“If we accepted those submissions, as a practical matter there would be no end to consultation, the project would never be approved, and the applicants would have a de facto veto right over it,” the decision reads.

Still, there is a specific area in which the appeals court decision might allow for a successful appeal to the Supreme Court, said University of Calgary assistant law professor David Wright.

“The court makes comments on the interplay between the duty to consult and the infringement analysis,” Wright said, adding that “there’s a lack of clarity in the law” between those two legal principles.

“This case is interesting because the court is speaking to that foggy area directly. It’s too early to say how good of a job they’ve done,” Wright said, adding that’s one area where the Supreme Court might be willing to listen to an appeal, even though the appeals court ruling was unanimous. SOURCE

First Nations Vow to Fight on after Trans Mountain Defeat

Federal court rejects argument consultation was inadequate. ‘Reconciliation stopped today,’ says representative.

COVER.TMX-First-Nations-Court.jpg

The $7.4-billion Trans Mountain pipeline expansion project is already under construction. The expansion has been strongly opposed by the Indigenous governments challenging it in court. Photo by Jason Franson, the Canadian Press.

The Federal Court of Appeal has dismissed an application from First Nations seeking to overturn the government’s approval of the Trans Mountain pipeline expansion because they had not been adequately consulted.

While pipeline supporters applauded the court’s decision, opponents — including representatives of the First Nations involved in the challenge — promised the fight will continue both inside and outside the legal system.

“The applicants’ submissions are essentially that the Project cannot be approved until all of their concerns are resolved to their satisfaction,” Justices Marc Noël, J.D. Denis Pelletier and J.B. Laskin wrote in their unanimous reasons for judgment released today.

“If we accepted those submissions, as a practical matter there would be no end to consultation, the Project would never be approved, and the applicants would have a de facto veto right over it,” it said.

The application was filed by the Coldwater Indian Band, Squamish Nation and Tsleil-Waututh Nation along with the Aitchelitz, Skowkale, Shxwhá:y Village, Soowahlie, Squiala First Nation, Tzeachten and Yakweakwioose.

The respondents were the Canadian attorney general, Trans Mountain Pipeline ULC and Trans Mountain Corporation. The attorneys general for Alberta and Saskatchewan intervened, as did the Canadian Energy Regulator (formerly known as the National Energy Board).

The $7.4-billion project, already under construction, will twin an existing 1,150-kilometre pipeline from near Edmonton to Burnaby, tripling capacity to 890,000 barrels per day.

The expansion has been strongly opposed by the Indigenous governments challenging it in court, as well as by local governments, environmental groups and individuals. More than 200 people have been arrested protesting construction in the Lower Mainland, including former Green Party of Canada leader Elizabeth May and now Vancouver Mayor Kennedy Stewart, cases that have led to charges in many cases and proceeded through the court system.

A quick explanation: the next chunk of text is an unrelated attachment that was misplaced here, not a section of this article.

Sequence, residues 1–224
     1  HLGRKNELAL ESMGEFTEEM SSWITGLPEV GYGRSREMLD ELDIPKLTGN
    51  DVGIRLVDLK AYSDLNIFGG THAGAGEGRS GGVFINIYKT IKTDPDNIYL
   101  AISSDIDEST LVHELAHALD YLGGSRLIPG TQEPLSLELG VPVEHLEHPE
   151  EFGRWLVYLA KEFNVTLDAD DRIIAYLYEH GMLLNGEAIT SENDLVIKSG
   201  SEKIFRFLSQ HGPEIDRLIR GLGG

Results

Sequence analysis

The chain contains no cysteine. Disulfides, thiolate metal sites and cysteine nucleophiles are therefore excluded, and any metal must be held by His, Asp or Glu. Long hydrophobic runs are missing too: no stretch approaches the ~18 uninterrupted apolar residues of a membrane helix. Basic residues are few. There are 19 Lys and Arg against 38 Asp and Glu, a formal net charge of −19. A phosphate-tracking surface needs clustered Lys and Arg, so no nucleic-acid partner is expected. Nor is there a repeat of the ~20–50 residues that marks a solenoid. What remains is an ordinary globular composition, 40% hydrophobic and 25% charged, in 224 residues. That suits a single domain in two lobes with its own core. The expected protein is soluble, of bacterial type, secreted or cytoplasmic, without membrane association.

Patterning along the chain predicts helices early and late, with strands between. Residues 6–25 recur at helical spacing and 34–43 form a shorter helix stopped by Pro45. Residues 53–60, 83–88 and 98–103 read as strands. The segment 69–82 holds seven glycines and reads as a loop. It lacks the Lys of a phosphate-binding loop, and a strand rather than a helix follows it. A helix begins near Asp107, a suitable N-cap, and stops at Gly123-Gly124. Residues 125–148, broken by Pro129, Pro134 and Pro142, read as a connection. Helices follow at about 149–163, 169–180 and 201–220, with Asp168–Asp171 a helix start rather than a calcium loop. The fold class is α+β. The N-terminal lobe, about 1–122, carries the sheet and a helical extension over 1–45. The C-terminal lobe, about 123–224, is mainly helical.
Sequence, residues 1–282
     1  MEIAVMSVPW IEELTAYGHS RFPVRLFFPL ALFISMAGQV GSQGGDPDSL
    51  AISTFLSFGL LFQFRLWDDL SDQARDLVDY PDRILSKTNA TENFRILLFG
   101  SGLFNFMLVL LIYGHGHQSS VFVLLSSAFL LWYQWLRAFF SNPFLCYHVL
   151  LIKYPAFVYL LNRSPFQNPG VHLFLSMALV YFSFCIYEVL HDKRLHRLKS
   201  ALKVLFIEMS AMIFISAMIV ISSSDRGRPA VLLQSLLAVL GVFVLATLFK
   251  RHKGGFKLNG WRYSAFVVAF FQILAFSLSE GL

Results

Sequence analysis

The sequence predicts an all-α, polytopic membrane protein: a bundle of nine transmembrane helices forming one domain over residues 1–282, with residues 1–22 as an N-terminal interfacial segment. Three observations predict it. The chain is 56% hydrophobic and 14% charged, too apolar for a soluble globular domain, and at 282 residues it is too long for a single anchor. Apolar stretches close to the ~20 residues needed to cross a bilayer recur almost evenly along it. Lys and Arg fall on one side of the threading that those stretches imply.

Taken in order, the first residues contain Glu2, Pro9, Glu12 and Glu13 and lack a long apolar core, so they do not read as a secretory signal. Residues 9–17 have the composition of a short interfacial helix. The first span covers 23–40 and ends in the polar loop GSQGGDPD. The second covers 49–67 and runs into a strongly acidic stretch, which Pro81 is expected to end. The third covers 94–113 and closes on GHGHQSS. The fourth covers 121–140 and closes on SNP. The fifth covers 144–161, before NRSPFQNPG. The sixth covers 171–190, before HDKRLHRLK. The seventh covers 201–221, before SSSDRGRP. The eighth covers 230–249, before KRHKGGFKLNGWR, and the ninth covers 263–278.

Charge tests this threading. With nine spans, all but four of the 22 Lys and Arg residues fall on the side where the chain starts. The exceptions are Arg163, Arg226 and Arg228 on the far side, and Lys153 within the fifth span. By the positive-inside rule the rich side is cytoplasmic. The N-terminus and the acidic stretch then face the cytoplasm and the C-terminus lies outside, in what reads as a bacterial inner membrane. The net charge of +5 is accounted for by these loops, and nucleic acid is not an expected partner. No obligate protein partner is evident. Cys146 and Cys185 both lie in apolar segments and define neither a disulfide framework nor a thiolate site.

In a 2018 ruling, the court had found that the federal government’s original decision to approve the expansion of the pipeline, which it now owns after buying it from Kinder Morgan for $4.5 billion, was based on an “impermissibly under-inclusive” environmental assessment and a failure by the Crown to fulfil its duty to consult with Indigenous peoples.

Today’s decision found the consultation process launched after that ruling has been sufficient, justifying the subsequent federal government approval.

“Contrary to what the applicants assert, this was anything but a rubber-stamping exercise,” the justices ruled. “The end result was not a ratification of the earlier approval, but an approval with amended conditions flowing directly from the renewed consultation.”

“It is true that the applicants are of the view that their concerns have not been fully met, but to insist on that happening is to impose a standard of perfection, a standard not required by law.”

Trans Mountain Corporation welcomed the ruling. “After many years of consultation and review we are pleased to be able to continue moving forward and building the Project in respect of communities, and for the benefit of Canadians,” President and CEO Ian Anderson said in an emailed statement.

“The Government of Canada’s additional Indigenous consultation represented an immense undertaking by many parties. The Government was committed to a specific and focused dialogue with affected Indigenous communities to ensure Canada, and the Company heard their concerns and responded.”

Alberta Premier Jason Kenney tweeted “Another win on the #TMX pipeline for Alberta! Pleased to see this unanimous decision by the Federal Court of Appeal to reject this challenge. Now let’s get it built.”

Representatives of the First Nations involved in the case expressed deep disappointment with the ruling during a news conference in Vancouver but said the fight will continue.

“Disappointing as it is, it’s one step,” said Tsleil-Waututh elected Chief Leah George-Wilson. “We have far longer to go in this journey.”